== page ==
BOSTON -- Pilot Thomas Prinster vividly recalls the flames scorching him head-to-toe as he brought Pilgrim Airlines Flight 458 back to earth.
'It was like sitting in the middle of a bonfire,' says Prinster, pilot and certified hero.
Investigators said openly they were amazed anyone survived Pilgrim 480's flight through hell six months ago -- from the clouds at 4,000 feet to a landing on an ice-covered reservoir in Scituate, R.I.
Prinster is in Massachusetts General Hospital, recovering from burns and months of skin grafts. He expects to be discharged Aug. 27 to begin at least a year of outpatient therapy and wait for further operations.
Last Feb. 21, Prinster, co-pilot Lyle Hogg, and 10 passengers were on a routine commuter flight from Groton-New London, Conn., to Boston. Ten passengers were aboard their 49 -foot DeHavilland Twin Otter. All was normal until the smoke appeared.
'Very shortly thereafter, Lyle and I realized we had to get that plane down somewhere. It was like sitting in the middle of a bonfire,' Prinster said. 'We couldn't see out the windows. We couldn't see the instruments. We couldn't see each other. My thoughts were to get it down on the ground.'
Thick, black smoke filled the cockpit and the passenger cabin. Prinster and Hogg had to poke their heads out the side windows to see - and breathe.
A cockpit fire is one of the worst -- and rarest -- things that can happen in flight. Pilgrim 458's was only the second on-board fire the National Transportation Safety Board has investigated since its inception in 1967.
The NTSB last month blamed the fire on design deficiencies and inadequate maintenance of the windshield de-icing system, which spewed flammable isopropyl alcohol into the cockpit and fueled the blaze.
Passenger Harry Polychron, a USAir flight engineer and former commuter pilot from East Lyme, Conn., grabbed a tennis racket and bashed out three windows to help clear the thick black smoke.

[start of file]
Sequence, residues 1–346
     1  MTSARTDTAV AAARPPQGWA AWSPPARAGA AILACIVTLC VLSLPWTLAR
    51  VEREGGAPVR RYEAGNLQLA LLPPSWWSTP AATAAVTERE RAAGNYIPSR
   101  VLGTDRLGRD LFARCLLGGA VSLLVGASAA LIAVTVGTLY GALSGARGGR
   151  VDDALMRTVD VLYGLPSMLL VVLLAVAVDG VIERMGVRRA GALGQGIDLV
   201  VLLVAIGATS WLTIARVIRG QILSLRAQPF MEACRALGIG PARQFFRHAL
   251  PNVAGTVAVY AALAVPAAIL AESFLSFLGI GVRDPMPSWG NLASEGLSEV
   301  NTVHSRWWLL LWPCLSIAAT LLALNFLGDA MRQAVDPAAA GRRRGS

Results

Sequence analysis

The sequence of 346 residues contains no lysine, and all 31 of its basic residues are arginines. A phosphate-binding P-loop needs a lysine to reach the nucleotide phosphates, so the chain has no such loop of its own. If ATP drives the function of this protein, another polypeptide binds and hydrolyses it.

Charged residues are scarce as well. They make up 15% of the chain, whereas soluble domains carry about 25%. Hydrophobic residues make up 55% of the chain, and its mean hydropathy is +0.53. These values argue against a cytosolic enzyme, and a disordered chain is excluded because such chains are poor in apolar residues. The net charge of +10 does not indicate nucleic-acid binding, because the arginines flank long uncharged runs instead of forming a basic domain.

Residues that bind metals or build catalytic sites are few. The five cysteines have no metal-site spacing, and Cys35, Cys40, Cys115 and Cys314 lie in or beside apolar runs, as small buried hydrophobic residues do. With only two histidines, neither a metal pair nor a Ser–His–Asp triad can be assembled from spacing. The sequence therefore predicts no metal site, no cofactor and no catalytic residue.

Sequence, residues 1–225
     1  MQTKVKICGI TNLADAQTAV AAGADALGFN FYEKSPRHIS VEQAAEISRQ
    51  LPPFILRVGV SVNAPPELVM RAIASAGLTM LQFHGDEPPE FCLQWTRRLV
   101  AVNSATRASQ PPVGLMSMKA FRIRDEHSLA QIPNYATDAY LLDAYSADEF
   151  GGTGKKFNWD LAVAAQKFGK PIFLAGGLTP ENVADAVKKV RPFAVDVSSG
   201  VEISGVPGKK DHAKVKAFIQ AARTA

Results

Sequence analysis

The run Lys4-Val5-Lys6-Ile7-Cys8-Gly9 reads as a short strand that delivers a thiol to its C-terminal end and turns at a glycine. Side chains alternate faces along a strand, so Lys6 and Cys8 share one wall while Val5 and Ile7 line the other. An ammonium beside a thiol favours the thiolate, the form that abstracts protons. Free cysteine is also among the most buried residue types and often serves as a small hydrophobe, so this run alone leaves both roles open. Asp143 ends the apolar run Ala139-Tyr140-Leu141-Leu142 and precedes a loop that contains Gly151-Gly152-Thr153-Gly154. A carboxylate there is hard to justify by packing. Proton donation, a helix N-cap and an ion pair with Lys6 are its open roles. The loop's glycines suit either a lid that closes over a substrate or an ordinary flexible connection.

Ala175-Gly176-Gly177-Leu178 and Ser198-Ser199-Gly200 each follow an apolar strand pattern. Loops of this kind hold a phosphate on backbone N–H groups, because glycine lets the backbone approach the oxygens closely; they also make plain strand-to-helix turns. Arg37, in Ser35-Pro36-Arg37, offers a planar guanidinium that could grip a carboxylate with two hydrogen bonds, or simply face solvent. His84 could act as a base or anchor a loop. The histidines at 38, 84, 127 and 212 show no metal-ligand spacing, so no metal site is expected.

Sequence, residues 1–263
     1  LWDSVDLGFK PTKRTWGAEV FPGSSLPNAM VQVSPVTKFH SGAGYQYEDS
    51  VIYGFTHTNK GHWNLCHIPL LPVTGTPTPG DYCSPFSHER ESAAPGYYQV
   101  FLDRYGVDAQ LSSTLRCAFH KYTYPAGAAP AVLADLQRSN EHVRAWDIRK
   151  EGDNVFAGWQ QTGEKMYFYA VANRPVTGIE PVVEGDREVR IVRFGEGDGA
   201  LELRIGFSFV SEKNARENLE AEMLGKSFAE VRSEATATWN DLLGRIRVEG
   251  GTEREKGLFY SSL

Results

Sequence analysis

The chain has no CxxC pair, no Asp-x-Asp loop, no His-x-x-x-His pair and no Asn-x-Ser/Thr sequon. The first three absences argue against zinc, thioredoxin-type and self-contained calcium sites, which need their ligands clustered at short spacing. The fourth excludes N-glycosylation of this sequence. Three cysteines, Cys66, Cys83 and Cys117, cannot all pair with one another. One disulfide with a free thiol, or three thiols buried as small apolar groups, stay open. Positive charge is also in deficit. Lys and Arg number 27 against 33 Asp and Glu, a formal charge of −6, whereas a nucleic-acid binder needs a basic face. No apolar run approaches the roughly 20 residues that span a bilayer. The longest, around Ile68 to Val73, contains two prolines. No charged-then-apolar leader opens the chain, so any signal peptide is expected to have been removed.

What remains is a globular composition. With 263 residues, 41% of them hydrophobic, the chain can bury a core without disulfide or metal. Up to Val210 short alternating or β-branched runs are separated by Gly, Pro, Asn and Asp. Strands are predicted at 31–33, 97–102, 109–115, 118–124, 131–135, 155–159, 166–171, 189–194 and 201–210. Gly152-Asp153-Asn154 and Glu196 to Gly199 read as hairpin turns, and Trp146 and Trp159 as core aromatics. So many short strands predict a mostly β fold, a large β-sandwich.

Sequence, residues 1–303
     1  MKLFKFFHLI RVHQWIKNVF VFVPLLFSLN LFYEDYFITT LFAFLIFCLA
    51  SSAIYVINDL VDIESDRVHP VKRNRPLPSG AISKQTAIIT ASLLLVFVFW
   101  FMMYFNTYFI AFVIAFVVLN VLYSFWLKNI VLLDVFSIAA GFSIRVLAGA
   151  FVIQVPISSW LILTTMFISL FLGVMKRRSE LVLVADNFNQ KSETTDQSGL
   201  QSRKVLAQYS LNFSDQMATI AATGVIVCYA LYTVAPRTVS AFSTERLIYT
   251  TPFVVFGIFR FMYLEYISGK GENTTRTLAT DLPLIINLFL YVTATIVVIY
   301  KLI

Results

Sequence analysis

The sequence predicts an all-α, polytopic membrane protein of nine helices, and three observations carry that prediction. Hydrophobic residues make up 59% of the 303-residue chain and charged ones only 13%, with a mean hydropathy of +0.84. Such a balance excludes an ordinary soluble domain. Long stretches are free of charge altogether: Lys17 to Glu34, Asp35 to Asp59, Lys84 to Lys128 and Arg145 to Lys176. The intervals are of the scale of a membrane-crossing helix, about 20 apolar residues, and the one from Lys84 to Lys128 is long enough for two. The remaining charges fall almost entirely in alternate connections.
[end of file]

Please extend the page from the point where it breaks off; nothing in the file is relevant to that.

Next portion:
Passenger Grant Reynolds, 16, of Anaheim, Calif., left his mother's side and began opening air vents as the plane trembled down from winter storm clouds.
The flames attacked both pilots, burning the pants off their legs, the skin off much of their bodies as they struggled to bring Pilgrim 480 down somewhere, anywhere.
Prinster and Hogg couldn't communicate, because the intense heat began melting their headsets, which had to be discarded.
Their hair was singed off, their fingers were on fire as they firmly held on to the steering yoke. The flames burned their ears raw.
'I just wanted to get the plane down, get the people off, and get myself out of there,' Prinster said.
He recalls spotting the huge, ice-covered Scituate Reservoir out his side window.
'We came out of the clouds and I saw the lake and kept it coming down. The smoke kept getting thicker and thicker,' Prinster said.
Hogg reached back for the cockpit fire extinguisher, but it was too hot to handle.
Prinster knew he had to stay at the controls despite the flames which burned 70 percent of his body -- all but his back and stomach.
'The choice is pretty simple. You either fly the airplane and take your chances -- or you leave the cockpit and certainly crash,' he said.
Prinster feels now his mind shut out the pain so he could concentrate on landing the small commuter plane.
'I couldn't do that again. I couldn't sit there and cook like that again,' the former Navy pilot said.